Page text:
Our Corporate segment produced a core loss of $11 million in the second quarter. Pre-tax net investment income was $534 million in the second quarter compared with $515 million in the prior-year quarter. The results reflected favorable returns from our limited partnership and common equity portfolios, which produced pre-tax income of $84 million compared to $43 million during the same period last year. I should note that the results from our limited partnership investments reflect the current period favorable impact and recovery in value of our real-time investments, somewhat offset by negative first quarter returns for our investments on a lagged basis. We would anticipate that these investments on a lagged reporting basis should have a favorable impact on the third quarter income given positive market returns in the second quarter.

Pre-tax net investment income from our fixed income portfolio was $440 million this quarter compared to $465 million in the prior-year quarter. The pre-tax effective yield on our fixed income holdings was 4.6% for the period. Pre-tax net investment gains for the quarter were $69 million compared to a loss of $18 million for the prior year quarter. The gain was primarily driven by the recovery of the mark-to-market on our non-redeemable preferred investments.

Our unrealized gain position on our fixed income portfolio stood at $4.4 billion, up from $2.1 billion at first quarter. The change in unrealized during the quarter was driven by the tightening of credit spreads across the market, reflecting the recovery and stabilization of the fixed income markets.

Fixed income assets that support our P&C liabilities had an effective duration of 4.1 years at quarter end, in line with our portfolio targets. The effective duration of the fixed income assets that support our Life & Group liabilities was 8.8 years at quarter end. Slides 14 and 15 of the earnings presentation will provide you with additional details of the investment results in the composition of our investment portfolio.

Our balance sheet continues to be extremely strong. At quarter end, shareholders' equity was $11.6 billion, or $42.91 per share, reflective of the increase in our unrealized gain position during the quarter. Shareholders' equity, excluding accumulated other comprehensive income, was $11.5 billion or $42.34 per share. We continue to maintain a conservative capital structure for the low leverage ratio and a well-balanced debt maturity schedule. At quarter end, all of our capital adequacy and credit metrics remained above target levels, supporting our credit ratings.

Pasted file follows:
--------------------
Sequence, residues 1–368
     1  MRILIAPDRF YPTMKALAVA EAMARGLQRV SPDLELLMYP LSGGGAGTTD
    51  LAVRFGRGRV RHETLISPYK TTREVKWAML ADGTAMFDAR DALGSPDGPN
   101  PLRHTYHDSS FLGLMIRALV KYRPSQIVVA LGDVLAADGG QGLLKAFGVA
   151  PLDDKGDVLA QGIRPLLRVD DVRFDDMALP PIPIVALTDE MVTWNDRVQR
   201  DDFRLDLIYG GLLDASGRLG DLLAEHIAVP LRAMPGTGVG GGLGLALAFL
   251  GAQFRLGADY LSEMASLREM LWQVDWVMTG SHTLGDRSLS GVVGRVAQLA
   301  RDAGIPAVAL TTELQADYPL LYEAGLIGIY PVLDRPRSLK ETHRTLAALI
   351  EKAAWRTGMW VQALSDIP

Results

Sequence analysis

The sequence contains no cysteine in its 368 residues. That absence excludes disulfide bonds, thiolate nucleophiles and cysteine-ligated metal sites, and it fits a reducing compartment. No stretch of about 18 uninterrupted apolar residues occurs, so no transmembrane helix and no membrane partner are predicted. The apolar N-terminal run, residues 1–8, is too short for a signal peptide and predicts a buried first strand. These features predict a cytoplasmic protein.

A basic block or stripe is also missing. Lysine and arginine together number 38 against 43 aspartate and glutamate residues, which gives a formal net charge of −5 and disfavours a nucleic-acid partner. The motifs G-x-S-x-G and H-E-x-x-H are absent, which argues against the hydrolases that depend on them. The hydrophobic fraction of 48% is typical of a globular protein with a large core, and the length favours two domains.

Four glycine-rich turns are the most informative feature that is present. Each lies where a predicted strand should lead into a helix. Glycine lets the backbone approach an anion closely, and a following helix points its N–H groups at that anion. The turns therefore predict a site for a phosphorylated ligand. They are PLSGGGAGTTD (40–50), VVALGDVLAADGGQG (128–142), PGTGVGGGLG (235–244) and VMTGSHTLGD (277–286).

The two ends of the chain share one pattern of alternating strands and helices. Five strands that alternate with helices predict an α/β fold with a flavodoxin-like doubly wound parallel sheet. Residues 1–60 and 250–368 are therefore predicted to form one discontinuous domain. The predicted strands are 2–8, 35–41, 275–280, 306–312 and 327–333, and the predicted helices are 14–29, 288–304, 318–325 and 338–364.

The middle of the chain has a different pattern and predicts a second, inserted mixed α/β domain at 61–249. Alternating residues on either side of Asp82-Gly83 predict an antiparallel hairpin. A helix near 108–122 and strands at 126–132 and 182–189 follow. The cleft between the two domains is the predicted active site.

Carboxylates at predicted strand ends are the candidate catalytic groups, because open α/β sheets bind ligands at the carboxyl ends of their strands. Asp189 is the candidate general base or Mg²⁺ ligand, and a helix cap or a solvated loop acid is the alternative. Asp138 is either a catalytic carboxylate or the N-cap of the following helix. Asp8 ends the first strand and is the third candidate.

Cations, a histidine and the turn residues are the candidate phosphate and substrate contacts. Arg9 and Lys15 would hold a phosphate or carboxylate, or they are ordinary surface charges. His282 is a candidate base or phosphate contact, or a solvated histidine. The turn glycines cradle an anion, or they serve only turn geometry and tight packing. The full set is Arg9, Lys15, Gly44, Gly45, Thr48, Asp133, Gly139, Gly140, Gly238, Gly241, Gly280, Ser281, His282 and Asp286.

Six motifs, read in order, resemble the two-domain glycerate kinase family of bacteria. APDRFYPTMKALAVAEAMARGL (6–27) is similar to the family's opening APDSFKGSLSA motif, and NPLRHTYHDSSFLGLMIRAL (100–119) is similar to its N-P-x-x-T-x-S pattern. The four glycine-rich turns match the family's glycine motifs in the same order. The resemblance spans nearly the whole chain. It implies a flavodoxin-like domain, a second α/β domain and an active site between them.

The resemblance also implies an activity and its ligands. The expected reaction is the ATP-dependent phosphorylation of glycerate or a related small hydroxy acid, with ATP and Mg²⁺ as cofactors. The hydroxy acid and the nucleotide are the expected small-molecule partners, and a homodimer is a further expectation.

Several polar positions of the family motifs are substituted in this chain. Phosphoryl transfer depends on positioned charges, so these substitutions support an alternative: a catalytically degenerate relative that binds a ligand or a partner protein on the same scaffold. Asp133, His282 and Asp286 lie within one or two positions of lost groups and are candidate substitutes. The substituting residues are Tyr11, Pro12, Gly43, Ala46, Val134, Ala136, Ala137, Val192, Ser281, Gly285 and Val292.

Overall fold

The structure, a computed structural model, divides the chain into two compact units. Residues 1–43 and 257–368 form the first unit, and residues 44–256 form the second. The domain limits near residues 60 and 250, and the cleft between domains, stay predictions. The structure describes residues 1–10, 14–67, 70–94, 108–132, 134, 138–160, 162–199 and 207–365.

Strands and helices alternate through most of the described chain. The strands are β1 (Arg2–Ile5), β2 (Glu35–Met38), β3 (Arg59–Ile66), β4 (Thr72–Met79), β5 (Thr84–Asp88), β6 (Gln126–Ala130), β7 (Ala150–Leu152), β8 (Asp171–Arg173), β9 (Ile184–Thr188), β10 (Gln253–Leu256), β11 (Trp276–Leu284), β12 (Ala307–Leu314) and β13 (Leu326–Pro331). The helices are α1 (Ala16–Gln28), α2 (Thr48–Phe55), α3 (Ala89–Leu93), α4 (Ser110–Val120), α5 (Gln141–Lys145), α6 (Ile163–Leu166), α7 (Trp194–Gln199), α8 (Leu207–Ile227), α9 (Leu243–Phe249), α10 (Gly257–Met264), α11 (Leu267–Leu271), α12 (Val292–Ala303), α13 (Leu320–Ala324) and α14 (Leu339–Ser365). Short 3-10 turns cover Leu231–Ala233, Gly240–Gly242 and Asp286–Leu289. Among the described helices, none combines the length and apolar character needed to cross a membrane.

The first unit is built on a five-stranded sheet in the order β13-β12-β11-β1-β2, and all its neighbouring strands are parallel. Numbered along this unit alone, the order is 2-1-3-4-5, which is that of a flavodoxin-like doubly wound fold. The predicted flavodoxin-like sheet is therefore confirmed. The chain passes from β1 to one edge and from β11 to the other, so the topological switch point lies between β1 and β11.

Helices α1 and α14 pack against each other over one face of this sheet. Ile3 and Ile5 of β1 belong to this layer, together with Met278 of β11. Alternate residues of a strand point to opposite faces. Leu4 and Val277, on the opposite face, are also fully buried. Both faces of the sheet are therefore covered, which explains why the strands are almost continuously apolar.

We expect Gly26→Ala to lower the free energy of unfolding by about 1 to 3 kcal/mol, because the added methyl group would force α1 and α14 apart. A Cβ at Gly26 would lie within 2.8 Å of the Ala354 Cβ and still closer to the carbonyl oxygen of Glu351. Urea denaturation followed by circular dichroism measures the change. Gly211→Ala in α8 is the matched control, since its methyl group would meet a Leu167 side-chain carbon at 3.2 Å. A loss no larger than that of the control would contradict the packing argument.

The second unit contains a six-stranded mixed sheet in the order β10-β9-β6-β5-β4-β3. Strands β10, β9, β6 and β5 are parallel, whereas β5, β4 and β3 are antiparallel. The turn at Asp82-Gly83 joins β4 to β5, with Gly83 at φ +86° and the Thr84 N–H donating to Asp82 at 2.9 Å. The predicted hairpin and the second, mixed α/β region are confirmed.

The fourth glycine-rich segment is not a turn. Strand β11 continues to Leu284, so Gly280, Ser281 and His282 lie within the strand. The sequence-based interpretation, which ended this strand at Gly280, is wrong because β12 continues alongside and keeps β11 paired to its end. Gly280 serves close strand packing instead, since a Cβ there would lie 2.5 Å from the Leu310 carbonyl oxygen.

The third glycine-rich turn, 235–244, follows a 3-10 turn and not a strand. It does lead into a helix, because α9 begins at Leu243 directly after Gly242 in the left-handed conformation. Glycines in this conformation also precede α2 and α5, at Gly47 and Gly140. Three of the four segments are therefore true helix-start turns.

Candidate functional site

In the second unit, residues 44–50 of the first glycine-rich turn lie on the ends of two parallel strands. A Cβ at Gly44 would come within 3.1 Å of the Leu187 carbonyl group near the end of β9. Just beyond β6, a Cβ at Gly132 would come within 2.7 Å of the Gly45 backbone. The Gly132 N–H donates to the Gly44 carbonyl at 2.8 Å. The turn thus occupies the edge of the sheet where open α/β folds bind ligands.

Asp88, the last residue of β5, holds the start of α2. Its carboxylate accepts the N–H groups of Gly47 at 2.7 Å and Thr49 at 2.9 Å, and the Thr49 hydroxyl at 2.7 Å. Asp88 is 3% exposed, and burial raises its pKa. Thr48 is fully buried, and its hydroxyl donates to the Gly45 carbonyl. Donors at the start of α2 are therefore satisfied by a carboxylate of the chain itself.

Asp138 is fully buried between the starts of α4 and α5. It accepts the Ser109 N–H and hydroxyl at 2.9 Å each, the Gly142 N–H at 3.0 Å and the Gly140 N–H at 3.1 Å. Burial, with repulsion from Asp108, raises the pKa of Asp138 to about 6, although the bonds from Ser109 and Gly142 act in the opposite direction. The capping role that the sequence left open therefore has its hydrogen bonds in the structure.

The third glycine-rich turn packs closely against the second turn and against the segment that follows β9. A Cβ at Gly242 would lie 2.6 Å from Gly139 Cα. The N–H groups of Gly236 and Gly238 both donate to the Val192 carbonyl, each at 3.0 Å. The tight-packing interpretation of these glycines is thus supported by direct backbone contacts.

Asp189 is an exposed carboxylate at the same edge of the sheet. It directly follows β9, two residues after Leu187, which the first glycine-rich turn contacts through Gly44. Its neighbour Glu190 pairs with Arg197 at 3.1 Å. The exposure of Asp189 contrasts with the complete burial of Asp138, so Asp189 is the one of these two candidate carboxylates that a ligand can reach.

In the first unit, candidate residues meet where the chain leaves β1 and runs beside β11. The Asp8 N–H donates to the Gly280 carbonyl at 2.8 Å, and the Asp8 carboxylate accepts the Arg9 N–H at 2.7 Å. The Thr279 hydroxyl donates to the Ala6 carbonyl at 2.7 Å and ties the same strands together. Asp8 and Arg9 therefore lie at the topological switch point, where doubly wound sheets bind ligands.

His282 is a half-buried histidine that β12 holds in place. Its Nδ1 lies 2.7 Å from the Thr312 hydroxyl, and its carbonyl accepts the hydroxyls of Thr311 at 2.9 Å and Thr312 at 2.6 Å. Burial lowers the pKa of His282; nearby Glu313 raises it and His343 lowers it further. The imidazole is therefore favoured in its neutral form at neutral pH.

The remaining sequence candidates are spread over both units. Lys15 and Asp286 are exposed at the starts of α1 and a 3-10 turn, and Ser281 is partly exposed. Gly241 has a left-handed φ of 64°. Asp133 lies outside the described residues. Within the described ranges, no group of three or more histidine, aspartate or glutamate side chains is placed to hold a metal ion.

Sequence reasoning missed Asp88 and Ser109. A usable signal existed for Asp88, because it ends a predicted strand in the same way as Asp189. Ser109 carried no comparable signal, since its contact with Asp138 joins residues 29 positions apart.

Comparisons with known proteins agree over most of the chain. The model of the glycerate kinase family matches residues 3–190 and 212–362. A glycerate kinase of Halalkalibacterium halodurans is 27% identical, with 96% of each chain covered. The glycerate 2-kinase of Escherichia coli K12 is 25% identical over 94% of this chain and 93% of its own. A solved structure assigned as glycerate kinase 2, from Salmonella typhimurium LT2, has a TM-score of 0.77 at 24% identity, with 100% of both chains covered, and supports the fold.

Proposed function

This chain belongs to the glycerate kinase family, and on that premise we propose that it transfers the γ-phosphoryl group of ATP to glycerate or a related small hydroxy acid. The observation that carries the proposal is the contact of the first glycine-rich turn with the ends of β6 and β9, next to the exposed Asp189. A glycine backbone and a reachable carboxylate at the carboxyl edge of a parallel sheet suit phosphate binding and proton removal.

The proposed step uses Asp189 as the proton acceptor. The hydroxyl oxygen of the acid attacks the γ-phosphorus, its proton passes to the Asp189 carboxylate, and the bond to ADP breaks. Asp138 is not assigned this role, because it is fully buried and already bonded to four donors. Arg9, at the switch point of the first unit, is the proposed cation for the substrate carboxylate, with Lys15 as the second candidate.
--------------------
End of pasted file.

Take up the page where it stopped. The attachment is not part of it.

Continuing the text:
In the second quarter, operating cash flow was $438 million. In addition to our positive operating cash flow, we continue to maintain liquidity in the form of cash and short-term investments, and have sufficient liquidity holdings to meet obligations and withstand significant business variability. And we are pleased to announce our regular quarterly dividend of $0.37 per share.

With that, I will turn it back to Dino.

Dino E. Robusto -- Chairman & Chief Executive Officer

Thanks, Al. Before we move to the question-and-answer portion of the call, I want to provide some perspective on the hardening market landscape. Clearly, the unprecedented events of the second quarter hurt our underwriting results overall. However, the good news from our engagement in the quarter is that I am even more bullish that the hardening market conditions will persist well into 2021.

All of the dynamics that have been broadly expressed by industry participants, namely an even lower interest rate environment, several years of pricing below long run loss cost trends, social inflation, elevated catastrophe losses and of course, the impacts of this unprecedented pandemic are currently well appreciated by the brokers as evidenced by their articulation of the dynamics in their quarterly calls, which means that insureds are being effectively educated in the need for higher pricing. And we see evidence of that through our conversations with our insureds.

These hard market conditions, similar only to a few historically, will enable us to drive for the needed improvements in policy terms and conditions, achieve stronger pricing across the portfolio and secure more high-quality new business. Our second quarter execution evidenced that we are well positioned to take full advantage of the hard market. And I could not be more proud of all the CNA employees for all their efforts during these unprecedented times.